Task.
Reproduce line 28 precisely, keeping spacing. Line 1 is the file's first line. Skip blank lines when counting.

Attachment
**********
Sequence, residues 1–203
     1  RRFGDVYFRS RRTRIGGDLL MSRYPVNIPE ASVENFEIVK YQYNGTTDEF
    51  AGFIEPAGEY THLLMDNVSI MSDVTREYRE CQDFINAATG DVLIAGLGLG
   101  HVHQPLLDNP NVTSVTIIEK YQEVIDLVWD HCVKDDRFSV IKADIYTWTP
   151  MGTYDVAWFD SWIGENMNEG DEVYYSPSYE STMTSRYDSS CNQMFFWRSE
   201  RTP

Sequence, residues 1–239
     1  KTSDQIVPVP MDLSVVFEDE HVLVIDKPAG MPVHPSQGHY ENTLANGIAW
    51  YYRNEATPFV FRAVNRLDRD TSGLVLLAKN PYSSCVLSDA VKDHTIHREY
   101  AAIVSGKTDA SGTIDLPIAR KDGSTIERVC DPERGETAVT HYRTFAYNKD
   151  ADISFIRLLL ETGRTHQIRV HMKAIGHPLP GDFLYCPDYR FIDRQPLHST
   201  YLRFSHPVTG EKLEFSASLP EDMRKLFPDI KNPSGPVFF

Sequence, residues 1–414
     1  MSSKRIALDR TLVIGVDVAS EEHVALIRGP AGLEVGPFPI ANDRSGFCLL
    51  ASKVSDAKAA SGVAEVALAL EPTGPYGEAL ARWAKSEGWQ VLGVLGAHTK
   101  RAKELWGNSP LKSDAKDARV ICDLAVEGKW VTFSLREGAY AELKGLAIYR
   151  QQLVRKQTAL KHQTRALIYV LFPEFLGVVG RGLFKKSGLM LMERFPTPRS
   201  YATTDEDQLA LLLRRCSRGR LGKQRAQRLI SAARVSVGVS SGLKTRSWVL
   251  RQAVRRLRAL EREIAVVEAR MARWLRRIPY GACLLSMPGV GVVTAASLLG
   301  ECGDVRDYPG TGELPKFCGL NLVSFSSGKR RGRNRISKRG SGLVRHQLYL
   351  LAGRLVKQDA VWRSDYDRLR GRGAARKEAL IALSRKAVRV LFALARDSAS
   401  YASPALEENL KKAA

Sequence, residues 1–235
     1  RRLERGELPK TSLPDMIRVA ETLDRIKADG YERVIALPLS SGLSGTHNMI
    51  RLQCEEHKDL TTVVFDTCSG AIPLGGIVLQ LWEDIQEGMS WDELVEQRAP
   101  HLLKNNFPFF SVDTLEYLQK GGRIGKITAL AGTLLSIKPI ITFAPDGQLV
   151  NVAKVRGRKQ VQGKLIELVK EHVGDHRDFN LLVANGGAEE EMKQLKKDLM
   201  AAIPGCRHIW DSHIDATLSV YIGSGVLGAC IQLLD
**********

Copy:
   201  AAIPGCRHIW DSHIDATLSV YIGSGVLGAC IQLLD